The objects and advantages of the invention are achieved with an electrostatically controlled cantilever apparatus. A vertical Fabry-Perot cavity is formed between two distributed Bragg reflector (DBR) mirrors. Both top and bottom mirrors are composed of multiple DBR layers. The top mirror is composed of two sets of DBR layers separated by an air space of variable thickness. The top-most layers are supported in a freely suspended cantilever. The air space can be controlled by electrostatically deflecting the cantilever. Changing the thickness of the air space effectively changes the resonant wavelength of the Fabry-Perot Cavity. One of the DBR layers is replaced with a slightly different material that can be oxidized. Oxidation of this layer is complete except for an area of controlled aperture. The oxidation acts as an insulating layer leaving only the unoxidized area through which current can pass. Moreover, the oxidized area has a lower refractive index than the unoxidized aperture keeping the light focused in the unoxidized area. Current and optical confinement is thus achieved. The device can be oxidized to apertures of various diameters.
The invention will now be explained in detail in the description with reference to the attached drawing figures.
FIG. 1A is a perspective view of a single-arm cantilever apparatus according to the invention.
FIG. 1B is a side view of the cantilever apparatus of FIG. 1A.
FIG. 2 is a side view of the apparatus modified such that the middle DBR layers are not lodged within the substrate.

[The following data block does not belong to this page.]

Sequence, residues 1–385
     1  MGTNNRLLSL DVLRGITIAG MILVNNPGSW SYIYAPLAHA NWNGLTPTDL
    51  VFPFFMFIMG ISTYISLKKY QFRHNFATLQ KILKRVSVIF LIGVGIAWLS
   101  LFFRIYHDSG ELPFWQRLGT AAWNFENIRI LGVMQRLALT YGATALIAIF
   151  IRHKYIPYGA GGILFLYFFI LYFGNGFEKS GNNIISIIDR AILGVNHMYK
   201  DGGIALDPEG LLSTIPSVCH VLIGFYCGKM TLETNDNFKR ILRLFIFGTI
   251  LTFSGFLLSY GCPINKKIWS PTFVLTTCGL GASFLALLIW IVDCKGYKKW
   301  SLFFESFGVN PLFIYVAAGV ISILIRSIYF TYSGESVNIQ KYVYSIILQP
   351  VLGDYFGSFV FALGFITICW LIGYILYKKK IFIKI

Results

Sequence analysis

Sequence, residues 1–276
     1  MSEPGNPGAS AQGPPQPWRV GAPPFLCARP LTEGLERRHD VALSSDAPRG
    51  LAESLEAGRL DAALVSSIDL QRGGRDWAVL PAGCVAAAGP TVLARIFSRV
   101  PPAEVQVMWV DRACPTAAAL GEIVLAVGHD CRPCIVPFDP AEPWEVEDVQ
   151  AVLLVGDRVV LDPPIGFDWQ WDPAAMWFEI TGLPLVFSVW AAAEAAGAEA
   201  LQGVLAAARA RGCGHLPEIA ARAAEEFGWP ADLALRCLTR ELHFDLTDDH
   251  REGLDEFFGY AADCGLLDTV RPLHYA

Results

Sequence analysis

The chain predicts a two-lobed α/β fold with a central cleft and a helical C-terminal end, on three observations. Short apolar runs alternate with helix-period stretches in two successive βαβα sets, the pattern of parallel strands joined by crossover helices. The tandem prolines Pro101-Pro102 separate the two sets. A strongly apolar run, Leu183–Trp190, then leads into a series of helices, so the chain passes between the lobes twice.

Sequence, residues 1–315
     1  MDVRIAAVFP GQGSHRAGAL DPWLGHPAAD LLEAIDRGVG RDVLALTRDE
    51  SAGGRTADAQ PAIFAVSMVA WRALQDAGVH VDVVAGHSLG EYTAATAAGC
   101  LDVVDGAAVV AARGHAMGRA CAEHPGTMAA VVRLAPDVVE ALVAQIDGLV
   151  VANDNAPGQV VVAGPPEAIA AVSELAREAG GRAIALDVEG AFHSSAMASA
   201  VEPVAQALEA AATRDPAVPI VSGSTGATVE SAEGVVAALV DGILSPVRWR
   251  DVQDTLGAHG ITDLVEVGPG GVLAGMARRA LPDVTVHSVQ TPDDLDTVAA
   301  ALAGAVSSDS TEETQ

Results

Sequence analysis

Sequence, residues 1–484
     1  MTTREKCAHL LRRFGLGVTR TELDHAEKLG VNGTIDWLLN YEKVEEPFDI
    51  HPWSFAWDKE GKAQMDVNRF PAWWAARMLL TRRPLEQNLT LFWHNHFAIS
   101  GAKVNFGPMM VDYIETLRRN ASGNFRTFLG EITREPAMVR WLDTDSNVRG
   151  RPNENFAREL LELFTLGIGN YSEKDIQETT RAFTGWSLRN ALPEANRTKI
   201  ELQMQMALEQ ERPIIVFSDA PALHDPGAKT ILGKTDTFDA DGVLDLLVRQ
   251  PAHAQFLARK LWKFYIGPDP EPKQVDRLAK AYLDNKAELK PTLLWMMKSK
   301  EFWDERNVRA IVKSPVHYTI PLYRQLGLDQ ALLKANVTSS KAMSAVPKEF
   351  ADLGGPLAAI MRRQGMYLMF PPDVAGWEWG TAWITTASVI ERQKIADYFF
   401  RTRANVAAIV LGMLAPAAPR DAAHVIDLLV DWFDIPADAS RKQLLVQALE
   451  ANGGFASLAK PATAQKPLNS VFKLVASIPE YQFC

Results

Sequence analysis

FIG. 3 is a side view of the apparatus of FIG. 2 with the oxidation layer replacing the bottom DBR pair of the middle DBR layers.
FIG. 4 is a side view of the apparatus of FIG. 2 with the oxidation layer found within the middle DBR layers
FIG. 5 is a bottom view of the oxidation layer.
A cantilever apparatus according to the invention is based on the principle of an electrostatic force pulling on a simple cantilever arm. FIG. 1A shows a simple embodiment of such an apparatus in perspective.
In particular, a cantilever apparatus 20 has a cantilever structure 22 consisting of a base 24, an arm 26, and an active head 28. In the embodiment shown, the bulk of cantilever structure 22 consists of layers of distributed Bragg reflector (DBR) pairs 30. It is easiest to make layers 30 of AlGaAs. The DBR pairs are made of AlGaAs with different compositional ratios, e.g., Al0.09 Ga0.9 As/Al0.58 Ga0.42 As. The topmost layer of 30 is heavily doped to ensure good contact with an electrical tuning contact 32 deposited on top of cantilever structure 22.